Two Children Are Killed On NYC Streets as Vision Zero Advocates Push de Blasio to Do More

Sofia Russo speaks to the crowd at last night's vigil. In 2013, her four-year-old daughter, Ariel, was killed on an Upper West Side sidewalk by a driver fleeing police.
Sofia Russo speaks to the crowd at last night's vigil. In 2013, her four-year-old daughter, Ariel, was killed on an Upper West Side sidewalk by a driver fleeing police.

After drivers killed two children last week — 13-year-old Jazmine Marin, walking to school on Cross Bay Boulevard, and 8-month-old Navraj Raju, in a stroller on an Astoria Boulevard sidewalk — advocates lit candles and protested on the steps of City Hall yesterday evening. They directed their anger at Mayor Bill de Blasio, who had pledged to eliminate traffic fatalities by 2024, for the increasing death toll on city streets.

“We have lost too many children,” Sofia Russo, a founding member of Families for Safe Streets, said at the vigil. In 2013, her four-year-old daughter, Ariel, was killed on an Upper West Side sidewalk by a driver fleeing police. “Our elected officials are answerable to the families who have just lost their children,” she added.

“This is a make-or-break moment for Vision Zero,” Transportation Alternatives executive director Paul Steely White told the crowd, urging them to press for more redesigns of major streets in the city’s Vision Zero action plan, including Cross Bay and Astoria boulevards. “Most of these New Yorkers are dying on streets that the mayor has identified as deadly.”

The City Council had pushed for an additional $250 million in this year’s budget for full reconstructions of city streets, and an additional $55 million for quicker fixes, but neither increase survived budget negotiations with the mayor.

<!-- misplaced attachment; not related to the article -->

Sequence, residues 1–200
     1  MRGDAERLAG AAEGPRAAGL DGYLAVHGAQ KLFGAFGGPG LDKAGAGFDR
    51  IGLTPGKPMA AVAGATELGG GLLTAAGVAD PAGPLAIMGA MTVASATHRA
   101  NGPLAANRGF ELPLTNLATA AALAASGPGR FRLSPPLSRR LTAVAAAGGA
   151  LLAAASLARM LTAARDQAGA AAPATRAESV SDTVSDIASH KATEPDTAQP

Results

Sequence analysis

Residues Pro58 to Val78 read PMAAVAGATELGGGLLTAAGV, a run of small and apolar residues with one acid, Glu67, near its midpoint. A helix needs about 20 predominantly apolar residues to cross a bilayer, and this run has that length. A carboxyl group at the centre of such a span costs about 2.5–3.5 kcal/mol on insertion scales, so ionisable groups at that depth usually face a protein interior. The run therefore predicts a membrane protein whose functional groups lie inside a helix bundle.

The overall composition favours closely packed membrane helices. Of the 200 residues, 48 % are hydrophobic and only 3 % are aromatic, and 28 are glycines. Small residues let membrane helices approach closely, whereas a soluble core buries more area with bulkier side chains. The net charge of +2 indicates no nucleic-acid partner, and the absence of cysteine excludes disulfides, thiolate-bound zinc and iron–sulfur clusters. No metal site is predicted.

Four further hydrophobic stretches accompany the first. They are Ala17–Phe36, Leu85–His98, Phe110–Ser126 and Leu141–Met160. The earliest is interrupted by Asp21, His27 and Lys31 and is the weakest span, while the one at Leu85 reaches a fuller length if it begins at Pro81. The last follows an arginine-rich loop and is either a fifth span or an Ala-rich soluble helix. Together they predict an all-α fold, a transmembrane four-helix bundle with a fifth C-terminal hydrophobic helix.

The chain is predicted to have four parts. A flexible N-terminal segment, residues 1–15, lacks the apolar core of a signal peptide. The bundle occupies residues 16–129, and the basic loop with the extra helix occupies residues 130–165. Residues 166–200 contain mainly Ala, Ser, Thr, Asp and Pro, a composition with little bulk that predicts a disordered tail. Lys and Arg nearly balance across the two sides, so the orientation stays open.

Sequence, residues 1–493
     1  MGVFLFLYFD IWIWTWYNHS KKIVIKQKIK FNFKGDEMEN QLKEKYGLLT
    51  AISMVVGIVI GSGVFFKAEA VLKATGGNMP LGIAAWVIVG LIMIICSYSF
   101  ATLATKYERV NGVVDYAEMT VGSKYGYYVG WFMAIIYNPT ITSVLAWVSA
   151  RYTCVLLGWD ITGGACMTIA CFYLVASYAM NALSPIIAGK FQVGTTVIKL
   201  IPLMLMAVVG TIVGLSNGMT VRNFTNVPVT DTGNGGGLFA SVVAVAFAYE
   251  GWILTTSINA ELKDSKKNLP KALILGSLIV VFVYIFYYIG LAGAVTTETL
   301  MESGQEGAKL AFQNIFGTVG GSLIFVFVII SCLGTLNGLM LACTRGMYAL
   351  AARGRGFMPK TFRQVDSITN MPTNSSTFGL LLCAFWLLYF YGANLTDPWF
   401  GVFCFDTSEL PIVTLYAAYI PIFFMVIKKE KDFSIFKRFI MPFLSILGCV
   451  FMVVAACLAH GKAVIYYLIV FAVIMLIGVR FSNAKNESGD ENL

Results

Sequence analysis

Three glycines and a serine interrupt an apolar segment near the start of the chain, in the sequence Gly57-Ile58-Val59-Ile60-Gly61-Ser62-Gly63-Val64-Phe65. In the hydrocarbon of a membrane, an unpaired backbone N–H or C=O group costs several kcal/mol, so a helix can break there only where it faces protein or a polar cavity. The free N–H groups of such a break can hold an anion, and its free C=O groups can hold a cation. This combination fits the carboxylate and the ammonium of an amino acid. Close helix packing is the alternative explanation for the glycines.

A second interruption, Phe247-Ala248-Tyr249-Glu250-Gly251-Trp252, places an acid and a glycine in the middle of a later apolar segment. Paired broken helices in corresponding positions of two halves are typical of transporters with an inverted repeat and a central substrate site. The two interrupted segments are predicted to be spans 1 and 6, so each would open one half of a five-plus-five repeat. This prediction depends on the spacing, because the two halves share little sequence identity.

“Early on the mayor was listening,” White said. He credited de Blasio for the city’s speed limit reduction, speed camera rollout, and big projects like redesigning Queens Boulevard, but says the administration has fallen behind lately. “We’re not so sure the mayor is listening anymore.”

Last night’s protest, attended by about 25 people, was more modest than previous Vision Zero gatherings. It comes on the heels of a thousand-cyclist protest ride down Fifth Avenue in September and before an annual day of remembrance for traffic crash victims on November 20, when advocates have a large event planned for City Hall Park.

While traffic deaths dropped to new lows in the first two years of the de Blasio administration, they have ticked up, with 195 fatalities so far this year. Almost half of all deaths since the beginning of 2015 have been at Vision Zero priority locations identified by the city, TA said, and a majority have been pedestrians.

Armando Morales-Rodriguez, the driver who killed Navraj Raju, was arrested and charged with unlicensed operation of a motor vehicle. He was freed without bail earlier this week.

The driver who killed Marin remained at the scene and was not charged with a crime.

Raju was killed as Morales-Rodriguez backed out onto Astoria Boulevard from between two buildings. No curb cut permits have been issued for either of those properties, according to the Department of Buildings. Photos from the scene show the curb had been painted bright yellow, a telltale sign of a do-it-yourself illegal driveway, and cars are parked on the concrete front yard of 92-16 Astoria Boulevard. Next door is a gas station.

“There’s no real sidewalk on that block,” White said. “All you have is a giant driveway.”

DOT is currently implementing a project to tweak the design of Astoria Boulevard, but the block where Raju was killed will not see significant changes.

“We’re hoping that the upcoming election season is an opportunity to focus on this issue,” White said.

"No death on our city's streets is acceptable,” said de Blasio spokesperson Austin Finan. “The DOT is working diligently to complete at least 90 Safety Improvement Projects in 2016 — the most completed in a single calendar year — including expanded pedestrian space, protected bike lanes, corridor improvements and intersection treatments."


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